“Yes, well, after the second Dust album, the one called Hard Attack, the label perceived that as a well-produced record. I have in the back of my brain that when they heard the album—because we played it for some of the people at the label without telling them who it was—none of them knew it was the guys they had released a previous album for, Dust. And Neil Bogart was part of it, and thought it was especially well-produced. So when Neil signed Kiss—well to his new label, Casablanca—he’d given us the opportunity before Kiss, to go in with a couple of his acts on Kama Sutra/Buddha and produce them. And I was, at that point, breaking away from the rock ‘n’ roll lifestyle that Marc, who obviously became a Ramone, and Kenny Aaronson, who still to this day, plays with everybody... I was leaning away from that. I got married and that band sort of dissolved. Kenny Kerner, my partner, and the guy who was our original manager, and still to this day, friend, and somebody who knows more about the band than anybody, we decided to partner up and start producing. And Neil gave us the opportunity to do that. And then when he saw Kiss, that led to a couple of albums with them.”

“Looking back at it, Kenny and Marc were amazing,” muses Wise, defining his place in the band. “I wasn’t amazing (laughs); I was okay. But I wore a lot of different hats in the band. I wrote most of the songs, again, musically, arrangements, and all of that stuff. Came up with all that stuff, and I sang the songs, and sort of was the quote unquote actual leader of the band. But there was a Dust before there was Kenny and Marc in Dust. And so I wore those hats, and I hoped that a little bit of singing and a little bit of writing and a little bit of guitar equalled the amazingness of Marc as a drummer and Kenny as a bass player. So that’s where I was as a guitar player. But I was influenced by the usual suspects of amazing English guitar players. You know, Clapton change my life, and JEFF BECK, the usual guys., and I loved RITCHIE BLACKMORE.”

Most famous Dust song? That would be ‘Suicide’, and it also happens to be the darkest, heaviest and wildest, very much in the wheelhouse of early PENTAGRAM. More of these, and Dust might have been high-decibel world-beaters.

“That’s the thing, that’s the thing,” sighs Richie. “I look back now, and I think, if we were told to play more melodic and softer, we should’ve done the opposite. Put on three or four ‘Suicide’s. I think we would’ve become... you know what? We had zero thought put into the process. The music that we made was just the music we made. The songs that I wrote, they were just flowing out of me. One day it’s ‘Suicide’; there’s that opening riff which I still think is pretty amazing, you know? And yes, you are absolutely right. But we didn’t know, and there was no one around us to tell us, that you know, you guys are faster and louder than anyone. Even when we used to play acoustically we were louder than every band (laughs). There was an intensity in the three of us...”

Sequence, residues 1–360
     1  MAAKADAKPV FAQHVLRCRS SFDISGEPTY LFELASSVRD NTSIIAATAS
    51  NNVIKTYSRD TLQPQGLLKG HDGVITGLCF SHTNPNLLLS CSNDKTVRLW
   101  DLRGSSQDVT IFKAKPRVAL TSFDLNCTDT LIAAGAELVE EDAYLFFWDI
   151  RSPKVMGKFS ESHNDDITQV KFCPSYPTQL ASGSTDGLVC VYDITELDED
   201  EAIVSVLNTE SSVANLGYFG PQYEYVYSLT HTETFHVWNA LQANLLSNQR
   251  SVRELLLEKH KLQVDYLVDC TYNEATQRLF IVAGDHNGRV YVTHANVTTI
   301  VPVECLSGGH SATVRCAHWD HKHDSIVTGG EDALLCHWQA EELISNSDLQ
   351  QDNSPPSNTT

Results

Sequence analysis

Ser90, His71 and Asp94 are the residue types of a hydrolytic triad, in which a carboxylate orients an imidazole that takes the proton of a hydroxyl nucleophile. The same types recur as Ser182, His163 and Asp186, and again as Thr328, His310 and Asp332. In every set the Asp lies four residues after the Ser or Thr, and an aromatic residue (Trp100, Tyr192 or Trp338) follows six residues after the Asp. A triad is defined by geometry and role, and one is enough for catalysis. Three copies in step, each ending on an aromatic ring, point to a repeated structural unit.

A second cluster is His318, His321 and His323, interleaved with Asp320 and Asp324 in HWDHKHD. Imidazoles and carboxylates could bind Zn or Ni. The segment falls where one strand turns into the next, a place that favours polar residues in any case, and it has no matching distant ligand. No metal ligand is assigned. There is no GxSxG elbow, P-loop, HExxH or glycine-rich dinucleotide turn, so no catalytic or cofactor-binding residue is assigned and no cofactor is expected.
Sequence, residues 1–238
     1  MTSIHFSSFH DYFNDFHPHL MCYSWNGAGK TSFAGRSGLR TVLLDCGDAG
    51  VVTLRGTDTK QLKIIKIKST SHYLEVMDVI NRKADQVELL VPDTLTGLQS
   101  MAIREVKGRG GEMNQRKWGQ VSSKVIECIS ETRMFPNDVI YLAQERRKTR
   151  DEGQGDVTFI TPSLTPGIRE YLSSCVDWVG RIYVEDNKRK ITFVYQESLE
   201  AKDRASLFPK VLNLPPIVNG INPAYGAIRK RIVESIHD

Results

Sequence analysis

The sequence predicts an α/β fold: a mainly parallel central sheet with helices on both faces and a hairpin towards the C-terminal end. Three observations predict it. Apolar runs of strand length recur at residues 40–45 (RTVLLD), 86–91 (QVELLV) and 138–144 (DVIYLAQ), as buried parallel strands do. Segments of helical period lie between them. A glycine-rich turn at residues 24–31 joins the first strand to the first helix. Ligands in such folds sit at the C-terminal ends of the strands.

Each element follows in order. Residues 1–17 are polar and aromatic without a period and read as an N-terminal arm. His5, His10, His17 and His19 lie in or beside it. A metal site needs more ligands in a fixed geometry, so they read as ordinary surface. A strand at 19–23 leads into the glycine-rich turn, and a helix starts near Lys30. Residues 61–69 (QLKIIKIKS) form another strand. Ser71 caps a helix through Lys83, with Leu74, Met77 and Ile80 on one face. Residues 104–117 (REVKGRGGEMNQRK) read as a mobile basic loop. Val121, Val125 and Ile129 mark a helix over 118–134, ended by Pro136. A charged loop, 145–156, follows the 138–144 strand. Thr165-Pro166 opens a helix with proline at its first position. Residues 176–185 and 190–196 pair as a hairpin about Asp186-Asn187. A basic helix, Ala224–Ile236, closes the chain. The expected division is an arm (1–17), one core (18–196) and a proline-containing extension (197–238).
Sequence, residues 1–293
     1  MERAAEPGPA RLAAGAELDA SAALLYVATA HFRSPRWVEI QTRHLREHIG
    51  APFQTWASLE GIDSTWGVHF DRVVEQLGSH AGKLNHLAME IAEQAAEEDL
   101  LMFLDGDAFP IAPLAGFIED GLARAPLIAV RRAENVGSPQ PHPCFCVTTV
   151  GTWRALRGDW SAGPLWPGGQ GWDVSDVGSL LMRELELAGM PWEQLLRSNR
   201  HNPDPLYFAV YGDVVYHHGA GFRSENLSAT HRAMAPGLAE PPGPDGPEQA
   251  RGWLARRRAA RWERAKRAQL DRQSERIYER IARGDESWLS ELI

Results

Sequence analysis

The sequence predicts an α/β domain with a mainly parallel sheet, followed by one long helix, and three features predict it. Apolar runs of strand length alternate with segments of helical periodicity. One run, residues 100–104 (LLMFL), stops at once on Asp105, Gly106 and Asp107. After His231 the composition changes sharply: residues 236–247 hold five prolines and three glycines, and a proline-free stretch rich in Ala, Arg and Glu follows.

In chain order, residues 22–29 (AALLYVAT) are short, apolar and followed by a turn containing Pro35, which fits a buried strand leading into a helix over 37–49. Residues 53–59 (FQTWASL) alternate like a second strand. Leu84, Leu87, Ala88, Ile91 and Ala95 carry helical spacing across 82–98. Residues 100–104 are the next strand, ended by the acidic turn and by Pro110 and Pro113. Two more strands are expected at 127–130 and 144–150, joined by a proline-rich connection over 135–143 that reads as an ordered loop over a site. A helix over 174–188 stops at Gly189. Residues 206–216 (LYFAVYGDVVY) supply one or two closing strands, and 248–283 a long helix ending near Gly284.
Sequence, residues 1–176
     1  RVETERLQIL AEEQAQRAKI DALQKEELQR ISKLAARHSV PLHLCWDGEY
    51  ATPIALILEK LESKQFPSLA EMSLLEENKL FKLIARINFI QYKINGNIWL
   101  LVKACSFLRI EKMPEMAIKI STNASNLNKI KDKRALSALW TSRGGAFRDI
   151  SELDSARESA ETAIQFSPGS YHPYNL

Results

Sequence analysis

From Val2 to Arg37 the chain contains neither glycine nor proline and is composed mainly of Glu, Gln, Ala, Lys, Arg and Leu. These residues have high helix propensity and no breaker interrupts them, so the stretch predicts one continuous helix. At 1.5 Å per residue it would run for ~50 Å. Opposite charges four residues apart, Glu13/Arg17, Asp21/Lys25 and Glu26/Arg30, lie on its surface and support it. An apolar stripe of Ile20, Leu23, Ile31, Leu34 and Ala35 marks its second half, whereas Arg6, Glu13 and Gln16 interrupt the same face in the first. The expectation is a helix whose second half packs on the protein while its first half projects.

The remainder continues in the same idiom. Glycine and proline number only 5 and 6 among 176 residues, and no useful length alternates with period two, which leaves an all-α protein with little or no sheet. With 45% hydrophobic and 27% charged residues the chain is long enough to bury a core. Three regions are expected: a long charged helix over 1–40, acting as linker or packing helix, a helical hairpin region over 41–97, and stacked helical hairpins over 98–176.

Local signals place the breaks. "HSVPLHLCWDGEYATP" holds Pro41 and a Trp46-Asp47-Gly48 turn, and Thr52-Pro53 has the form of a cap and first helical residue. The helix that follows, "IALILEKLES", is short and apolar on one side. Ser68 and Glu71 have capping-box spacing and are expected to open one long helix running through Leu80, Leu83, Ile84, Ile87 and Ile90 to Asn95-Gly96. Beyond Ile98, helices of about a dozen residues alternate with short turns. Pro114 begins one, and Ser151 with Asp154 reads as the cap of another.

“And you are right, and I’m sad when you say that (laughs). But it was more than that. Because I had a discussion with my wife, about, you know, I left playing band music, in a band, when I was 21 years old. Can you comprehend that? People don’t even start ‘til they’re 20, 21, so to speak, and they stay in it for years. I remember starting to write a few songs for the upcoming, quote unquote, perhaps third album. And I really lost the spark, and I didn’t know what I was supposed to do. Should it be... everybody said, oh, it has to be more poppy, you have to be more folky. Who the hell knows? But that’s what they told BLACK SABBATH, and that’s what they told many years later METALLICA, and that’s what they told everybody. And they came back with, ‘Screw you, we’re going to do what we do, and believe in it.’ If Dust would’ve done more ‘Suicide’s, we might’ve been huge; it might’ve really grown into something. But it wasn’t meant to be, was it?”

For more on Dust (featuring extensive footage from Marc and Kenny), see my chapter on the band in Ye Olde Metal: 1968 – 1972, available in print at and as an eBook at